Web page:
Rory McIlroy has missed golf fans at events and said he was ready to see them back out on the course.
The Northern Irishman made his statement hours after Australian Adam Scott was forced to withdraw from the ZOZO Championship in California on Wednesday after a positive COVID-19 test.
McIlroy will not see any spectators at this week's PGA Tour event at the Sherwood Country Club in Thousand Oaks but the next two events on the schedule – the Bermuda Championship and Houston Open – both plan to allow a limited number of fans.
While McIlroy views the return of spectators with cautious optimism, Phil Mickelson expressed deep concern, saying the presence of fans in Houston might keep him from playing what has traditionally been his Masters warm-up event.
"I think I'm more comfortable with it now than I was, say, back when we were going to play the Memorial in July with fans," McIlroy said.
"I think everyone was still a little sceptical about that.
"But I think right now we just know a little more about COVID and what it does, maybe not long-term wise but at least in the short term, what it maybe does to the body and what the symptoms are and treatment protocols and therapeutics."
“I think I'm more comfortable with it now than I was, say, back when we were going to play the Memorial in July with fans.” – Rory McIlroy
With most of the players on the PGA Tour being fit, healthy athletes, McIlroy noted they were in the low-risk category.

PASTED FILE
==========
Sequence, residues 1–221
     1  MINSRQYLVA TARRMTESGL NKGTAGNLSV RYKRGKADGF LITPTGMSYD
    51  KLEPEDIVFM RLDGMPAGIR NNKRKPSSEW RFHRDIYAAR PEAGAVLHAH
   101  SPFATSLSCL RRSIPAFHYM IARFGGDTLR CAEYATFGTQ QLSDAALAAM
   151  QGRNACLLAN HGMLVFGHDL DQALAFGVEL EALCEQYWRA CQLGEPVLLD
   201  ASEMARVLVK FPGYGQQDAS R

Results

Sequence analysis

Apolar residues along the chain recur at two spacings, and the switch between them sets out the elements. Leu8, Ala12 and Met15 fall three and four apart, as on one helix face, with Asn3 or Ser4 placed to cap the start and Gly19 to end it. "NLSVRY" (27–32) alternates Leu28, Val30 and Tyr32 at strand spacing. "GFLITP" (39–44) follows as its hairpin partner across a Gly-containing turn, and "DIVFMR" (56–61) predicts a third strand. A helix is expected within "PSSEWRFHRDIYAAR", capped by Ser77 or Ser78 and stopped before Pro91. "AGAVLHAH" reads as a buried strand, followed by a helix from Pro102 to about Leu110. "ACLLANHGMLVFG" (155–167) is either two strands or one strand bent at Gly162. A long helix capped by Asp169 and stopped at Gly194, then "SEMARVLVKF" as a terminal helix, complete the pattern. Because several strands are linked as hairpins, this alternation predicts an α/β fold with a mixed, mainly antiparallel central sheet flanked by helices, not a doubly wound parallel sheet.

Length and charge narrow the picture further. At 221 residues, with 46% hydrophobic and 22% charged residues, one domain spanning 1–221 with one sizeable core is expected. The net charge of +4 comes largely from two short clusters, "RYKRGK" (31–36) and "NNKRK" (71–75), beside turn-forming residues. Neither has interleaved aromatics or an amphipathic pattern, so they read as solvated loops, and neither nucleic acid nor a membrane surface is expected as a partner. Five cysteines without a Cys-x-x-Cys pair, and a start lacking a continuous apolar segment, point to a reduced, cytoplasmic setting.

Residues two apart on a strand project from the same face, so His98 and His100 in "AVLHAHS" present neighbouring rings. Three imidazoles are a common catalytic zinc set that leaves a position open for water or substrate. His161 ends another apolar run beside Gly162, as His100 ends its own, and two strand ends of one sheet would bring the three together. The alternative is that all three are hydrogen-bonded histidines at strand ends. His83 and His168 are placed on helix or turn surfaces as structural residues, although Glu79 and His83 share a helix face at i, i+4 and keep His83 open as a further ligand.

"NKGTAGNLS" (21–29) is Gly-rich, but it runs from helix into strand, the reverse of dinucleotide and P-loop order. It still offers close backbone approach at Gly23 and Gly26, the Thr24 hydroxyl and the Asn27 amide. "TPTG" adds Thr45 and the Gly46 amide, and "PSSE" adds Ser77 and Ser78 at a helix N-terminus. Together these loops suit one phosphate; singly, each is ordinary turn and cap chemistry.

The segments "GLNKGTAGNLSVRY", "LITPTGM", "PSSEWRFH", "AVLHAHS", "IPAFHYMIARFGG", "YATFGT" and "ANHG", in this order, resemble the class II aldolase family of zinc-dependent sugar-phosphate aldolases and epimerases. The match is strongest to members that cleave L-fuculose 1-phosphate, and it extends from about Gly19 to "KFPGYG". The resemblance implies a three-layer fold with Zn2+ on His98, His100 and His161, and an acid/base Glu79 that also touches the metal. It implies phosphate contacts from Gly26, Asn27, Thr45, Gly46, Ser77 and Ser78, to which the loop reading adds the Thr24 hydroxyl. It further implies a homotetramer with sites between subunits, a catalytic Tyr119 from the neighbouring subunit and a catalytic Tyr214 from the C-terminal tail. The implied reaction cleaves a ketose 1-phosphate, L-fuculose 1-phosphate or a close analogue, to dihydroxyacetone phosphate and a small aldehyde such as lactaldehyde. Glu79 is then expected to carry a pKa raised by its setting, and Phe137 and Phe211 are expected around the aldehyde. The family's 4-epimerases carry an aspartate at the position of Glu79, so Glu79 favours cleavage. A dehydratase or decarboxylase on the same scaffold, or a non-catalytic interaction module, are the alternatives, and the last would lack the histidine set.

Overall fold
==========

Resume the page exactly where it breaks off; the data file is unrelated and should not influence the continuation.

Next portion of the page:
But the new father was mindful of the need to take into account others outside the demographic and communities in which they play.
In addition to 2013 Masters champion Scott, several golfers have tested positive – including World No.1 Dustin Johnson who continues to self-isolate and will miss this week's tournament – but have not suffered serious illness.
Since the PGA Tour restarted in mid-June after a COVID-forced shutdown officials have made several attempts to bring back fans but each time they aborted efforts over health and safety concerns.
With the US again seeing a spike in cases, Mickelson, who turned 50 in June, said playing in front of spectators presented an unnecessary risk with the rescheduled Masters set from November 12-15.
"I think that they will do a very good, safe job in having 2,000 people at the Houston Open," Mickelson said.
"However, for me personally, I don't like the risk of having that happen the week before the Masters."